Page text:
Source: Source: The Pentagon Papers, Gravel Edition, Volume 3, pp. 723-725
Secretary Rusk's News Conference of December 23, Press Release dated 23 December 1964, Department of State Bulletin, 11 January 1965, p. 37:
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American Interest in Vietnamese Independence:
Q. "Mr. Secretary, it is sometimes stated that one of the reasons for American assistance to Vietnam is the fact that vital Western interests are involved in the situation there. Now that we are once again confronted with what apparently is a critical situation, could you define for us the precise nature and extent of those vital Western interests, as you see them?"
A. "Well, our interest in Southeast Asia has been developed and expressed throughout this postwar period. Before SEATO (Southeast Asia Treaty Organization) came into existence, we and Britain and France were in very close touch with that situation. SEATO underlined the importance we attached to the security of the countries of that area.
"But actually the American interest can be expressed in very simple terms. Where there is a country which is independent and secure and in a position to work out its own policy and be left alone by its neighbors, there is a country whose position is consistent with our understanding of our interests in the world. It's just as simple as that.
"If we have military personnel in Southeast Asia, it is because we feel that they are needed to assist South Vietnam at the present time to maintain its security and independence. If South Vietnam's neighbors would leave it alone, those military people could come home.
"We have no desire for any bases or permanent military presence in that area. We are interested in the independence of states. That is why we have more than 40 allies. That is why we are interested in the independence and security of the nonaligned countries. Because, to us, the general system of states represented in the United Nations Charter is our view of a world that is consistent with American interests. So our own interest there is very simple.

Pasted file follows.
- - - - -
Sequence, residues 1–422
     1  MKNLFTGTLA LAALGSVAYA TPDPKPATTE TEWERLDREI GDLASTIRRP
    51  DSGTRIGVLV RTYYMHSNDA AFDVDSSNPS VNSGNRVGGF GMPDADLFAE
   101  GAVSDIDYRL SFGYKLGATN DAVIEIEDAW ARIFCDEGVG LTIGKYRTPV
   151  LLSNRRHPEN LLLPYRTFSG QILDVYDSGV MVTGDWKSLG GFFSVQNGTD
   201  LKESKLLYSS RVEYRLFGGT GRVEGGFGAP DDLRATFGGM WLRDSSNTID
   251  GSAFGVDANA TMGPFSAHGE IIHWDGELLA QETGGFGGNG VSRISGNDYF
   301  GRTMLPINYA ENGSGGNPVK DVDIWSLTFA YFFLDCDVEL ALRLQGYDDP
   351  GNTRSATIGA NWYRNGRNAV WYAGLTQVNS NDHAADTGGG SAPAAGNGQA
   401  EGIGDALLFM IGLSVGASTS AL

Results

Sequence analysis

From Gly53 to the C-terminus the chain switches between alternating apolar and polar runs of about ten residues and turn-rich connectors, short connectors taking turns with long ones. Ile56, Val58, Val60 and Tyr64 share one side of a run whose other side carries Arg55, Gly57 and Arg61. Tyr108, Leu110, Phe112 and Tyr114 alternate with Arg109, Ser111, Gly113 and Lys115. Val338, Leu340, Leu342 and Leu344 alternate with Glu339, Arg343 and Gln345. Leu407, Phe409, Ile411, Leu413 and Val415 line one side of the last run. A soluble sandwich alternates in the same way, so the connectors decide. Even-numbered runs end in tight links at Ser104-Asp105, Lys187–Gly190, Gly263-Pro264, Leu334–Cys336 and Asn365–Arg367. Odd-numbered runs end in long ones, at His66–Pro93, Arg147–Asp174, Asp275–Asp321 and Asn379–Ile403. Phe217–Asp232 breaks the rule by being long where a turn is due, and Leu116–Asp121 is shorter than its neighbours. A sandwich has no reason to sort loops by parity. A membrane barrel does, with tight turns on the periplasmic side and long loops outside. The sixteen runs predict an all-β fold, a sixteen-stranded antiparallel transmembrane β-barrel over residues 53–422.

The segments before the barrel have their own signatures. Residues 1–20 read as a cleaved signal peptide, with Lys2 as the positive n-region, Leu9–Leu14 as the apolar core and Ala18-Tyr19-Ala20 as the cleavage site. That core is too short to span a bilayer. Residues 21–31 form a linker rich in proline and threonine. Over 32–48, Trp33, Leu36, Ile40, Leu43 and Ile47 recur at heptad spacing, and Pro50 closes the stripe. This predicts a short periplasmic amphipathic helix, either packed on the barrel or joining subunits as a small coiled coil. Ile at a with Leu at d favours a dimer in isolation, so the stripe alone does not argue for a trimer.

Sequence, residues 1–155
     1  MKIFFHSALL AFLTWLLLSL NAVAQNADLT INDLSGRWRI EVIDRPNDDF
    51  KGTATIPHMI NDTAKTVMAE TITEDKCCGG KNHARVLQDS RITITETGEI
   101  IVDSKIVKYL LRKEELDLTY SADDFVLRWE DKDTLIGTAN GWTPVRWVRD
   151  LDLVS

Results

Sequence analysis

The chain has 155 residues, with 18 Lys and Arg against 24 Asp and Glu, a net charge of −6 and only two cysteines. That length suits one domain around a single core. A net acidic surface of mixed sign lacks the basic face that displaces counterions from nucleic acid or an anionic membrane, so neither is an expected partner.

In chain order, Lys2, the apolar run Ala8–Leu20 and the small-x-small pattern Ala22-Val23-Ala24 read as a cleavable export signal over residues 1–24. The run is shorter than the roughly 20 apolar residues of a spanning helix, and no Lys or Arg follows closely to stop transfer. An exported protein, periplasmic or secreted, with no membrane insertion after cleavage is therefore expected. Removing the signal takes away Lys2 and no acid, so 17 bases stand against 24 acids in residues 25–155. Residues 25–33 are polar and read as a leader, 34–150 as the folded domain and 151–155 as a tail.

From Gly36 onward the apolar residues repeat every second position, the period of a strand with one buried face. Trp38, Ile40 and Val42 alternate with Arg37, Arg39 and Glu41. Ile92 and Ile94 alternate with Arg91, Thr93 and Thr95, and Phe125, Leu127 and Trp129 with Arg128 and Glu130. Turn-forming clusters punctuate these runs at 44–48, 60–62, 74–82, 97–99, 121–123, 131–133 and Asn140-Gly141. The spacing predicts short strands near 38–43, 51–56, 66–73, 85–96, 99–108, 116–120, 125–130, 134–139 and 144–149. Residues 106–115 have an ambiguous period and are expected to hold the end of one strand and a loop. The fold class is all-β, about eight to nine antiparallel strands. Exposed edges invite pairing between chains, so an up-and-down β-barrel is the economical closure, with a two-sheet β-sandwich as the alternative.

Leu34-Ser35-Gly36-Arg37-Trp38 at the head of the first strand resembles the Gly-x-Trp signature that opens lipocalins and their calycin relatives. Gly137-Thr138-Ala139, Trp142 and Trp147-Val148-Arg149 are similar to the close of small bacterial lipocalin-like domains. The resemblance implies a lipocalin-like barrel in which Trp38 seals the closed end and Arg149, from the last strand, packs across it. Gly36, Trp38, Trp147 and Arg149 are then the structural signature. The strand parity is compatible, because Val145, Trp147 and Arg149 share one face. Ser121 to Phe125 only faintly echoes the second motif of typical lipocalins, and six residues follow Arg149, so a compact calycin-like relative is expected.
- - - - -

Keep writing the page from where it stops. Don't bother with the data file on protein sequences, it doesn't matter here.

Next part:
"But it is very important, because we feel that we have learned in the last many decades that a persistent course of aggression left to go unchecked can only lead to a general war and therefore that the independence of particular countries is a matter of importance to the general peace."
Peiping's Militant Doctrine:
Q. "Mr. Secretary, could I put that question slightly differently? In the last decade or so, over three or four administrations, this Government has taken the position that the Indochina peninsula had an importance to this country beyond the actualities of the countries involved; that is, that it had a relationship to the American problem with China, and out of this developed, over a long period of time, the so-called falling-domino theory. Could you tell us whether you subscribe to that theory and whether you look upon our interest in Vietnam and Laos--or how you look upon our interest in Vietnam and Laos in relation to China?"
A. "Well, I would not myself go to the trouble of trying to outline a 'domino' theory. The theory of the problem rests in Peiping. It rests in a militant approach to the spread of the world revolution as seen from the communist point of view. And we know, given their frequently and publicly proclaimed ambitions in this respect and what they say not only about their neighbors in Asia but such continents as Africa-Africa is ripe for revolution, meaning to them ripe for an attempt on their part to extend their domination into that continent--there is a primitive, militant doctrine of world revolution that would attempt to destroy the structure of international life as written into the United Nations Charter.
"Now, these are appetites and ambitions that grow upon feeding. In 1954 Vietnam was divided. North Vietnam became communist. The next result was pressures against Laos, contrary to those agreements; pressures against South Vietnam, contrary to those agreements. In other words, until there is a determination in Peiping to leave their neighbors alone and not to press militantly their notions of world revolution, then we are going to have this problem.
"And it's the same problem we have had in another part of the world in an earlier period in this postwar period in such things as the Berlin blockade, the pressures against Greece. Those things had to be stopped. They were stopped in the main.
"Now the problem is out in the Pacific. And we have a large interest in the way these problems evolve in the Pacific, because we have allies and we have interests out there. Southeast Asia is at the present time the point at which this issue of militant aggression against one's neighbors for ideological reasons is posed."
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